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North Yorkshire Police release Project Servator film to mark 50th deployment since launch

23 August 2017

North Yorkshire Police has released a film to mark the 50th deployment of Project Servator since its launch.

The 4 and a half minute film shows how the project, which launched in North Yorkshire in April 2017, deploys teams of both highly visible and covert police officers to deny, detect and deter criminal and terrorist activity in crowded places.

It also demonstrates how other resources such as dogs, firearms, ANPR (Automatic Number Plate Recognition), air support, mounted officers and CCTV cameras are used alongside other key partners such as the York Minster Police, the Royal Military Police and local businesses’ security teams to enhance the tactics.

The force has deployed the initiative as ‘business-as-usual’ on 50 separate occasions since its launch. These deployments have been unpredictable and intelligence-led by design and have resulted in arrests being made for thefts and drug offences during patrols and vehicle checks.



Key to the success of Project Servator is also the support of people living, working and visiting the county to be extra eyes and ears for the police. Through Project Servator officers have had more opportunities to engage with the public which has also seen an increase in reports of suspicious activity from both businesses and communities where Project Servator has been deployed.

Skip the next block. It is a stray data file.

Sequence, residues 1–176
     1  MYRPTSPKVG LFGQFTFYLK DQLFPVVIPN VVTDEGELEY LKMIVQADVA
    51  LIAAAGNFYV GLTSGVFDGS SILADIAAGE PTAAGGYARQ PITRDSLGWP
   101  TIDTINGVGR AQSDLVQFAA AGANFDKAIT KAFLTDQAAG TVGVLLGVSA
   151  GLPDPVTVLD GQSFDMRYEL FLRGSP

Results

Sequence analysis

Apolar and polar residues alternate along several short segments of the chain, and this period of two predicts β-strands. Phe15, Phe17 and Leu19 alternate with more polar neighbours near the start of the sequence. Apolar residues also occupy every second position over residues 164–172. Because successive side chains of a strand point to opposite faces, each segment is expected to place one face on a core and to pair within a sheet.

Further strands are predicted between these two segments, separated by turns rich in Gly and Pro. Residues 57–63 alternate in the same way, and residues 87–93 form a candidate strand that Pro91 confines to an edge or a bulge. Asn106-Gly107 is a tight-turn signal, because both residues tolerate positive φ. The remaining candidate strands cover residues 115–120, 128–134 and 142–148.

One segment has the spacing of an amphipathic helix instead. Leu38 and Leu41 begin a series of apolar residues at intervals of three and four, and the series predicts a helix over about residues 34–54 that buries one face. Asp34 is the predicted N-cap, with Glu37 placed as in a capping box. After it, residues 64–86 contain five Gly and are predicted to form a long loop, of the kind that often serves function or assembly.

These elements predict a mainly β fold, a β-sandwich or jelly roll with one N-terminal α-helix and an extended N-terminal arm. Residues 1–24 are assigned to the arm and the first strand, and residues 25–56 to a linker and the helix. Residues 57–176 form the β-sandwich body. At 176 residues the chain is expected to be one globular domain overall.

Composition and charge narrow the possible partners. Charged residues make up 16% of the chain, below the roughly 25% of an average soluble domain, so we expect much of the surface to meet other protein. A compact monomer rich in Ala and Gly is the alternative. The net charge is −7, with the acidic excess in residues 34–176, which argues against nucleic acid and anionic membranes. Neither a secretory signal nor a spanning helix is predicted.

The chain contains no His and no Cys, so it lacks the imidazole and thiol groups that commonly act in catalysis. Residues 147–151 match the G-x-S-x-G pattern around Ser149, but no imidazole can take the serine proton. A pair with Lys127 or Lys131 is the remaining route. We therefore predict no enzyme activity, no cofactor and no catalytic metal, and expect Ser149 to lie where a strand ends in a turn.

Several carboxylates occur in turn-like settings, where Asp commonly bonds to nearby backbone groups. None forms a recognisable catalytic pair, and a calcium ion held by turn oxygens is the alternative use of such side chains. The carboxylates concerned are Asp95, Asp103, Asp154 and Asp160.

The film is also intended to highlight the important role that the public and local businesses have to play by reporting any suspicious behaviour to help make it even harder for criminals to succeed.


Superintendent Mark Grange, who appears in the film and is North Yorkshire Police’s Operational Policing Training Lead and Strategic Lead for Project Servator, said:

We have been deploying Project Servator in busy town centres and crowded places since we launched the initiative in April 2017.

We have produced a short film to depict how Project Servator draws on a number of tactics to enhance our existing tactics in a bid to deny, detect and deter a wide range of criminality whilst reassuring the public.

For those who are not aware of it the film also aims to introduce businesses and the local community to the concept of Project Servator to help to explain the vital role that they have to play.

Today marks our 50th Project Servator deployment and demonstrates our commitment to continue rolling it out on a regular, but unpredictable basis, to keep our county safe and secure.



Chief Inspector Fiona Willey, of North Yorkshire Police’s Proactive Policing Command and Tactical Lead for Project Servator who also features in the film, added:

“We hope that the new Project Servator film reassures the public that we are working together with partners, businesses and the communities that we serve to deny, detect and deter a broad spectrum of criminality, everything from pickpocketing to terrorism.

“The film seeks to demonstrate how Project Servator combines effective police deployments with increased levels of vigilance within our communities to keep everyone safe.

“We continue to call on the public to be vigilant and to report anything that they deem to be suspicious immediately by telling a police officer, by calling 101 or by calling the Anti-Terrorist Hotline on 0800 789 321.

“In an emergency you should always call 999.



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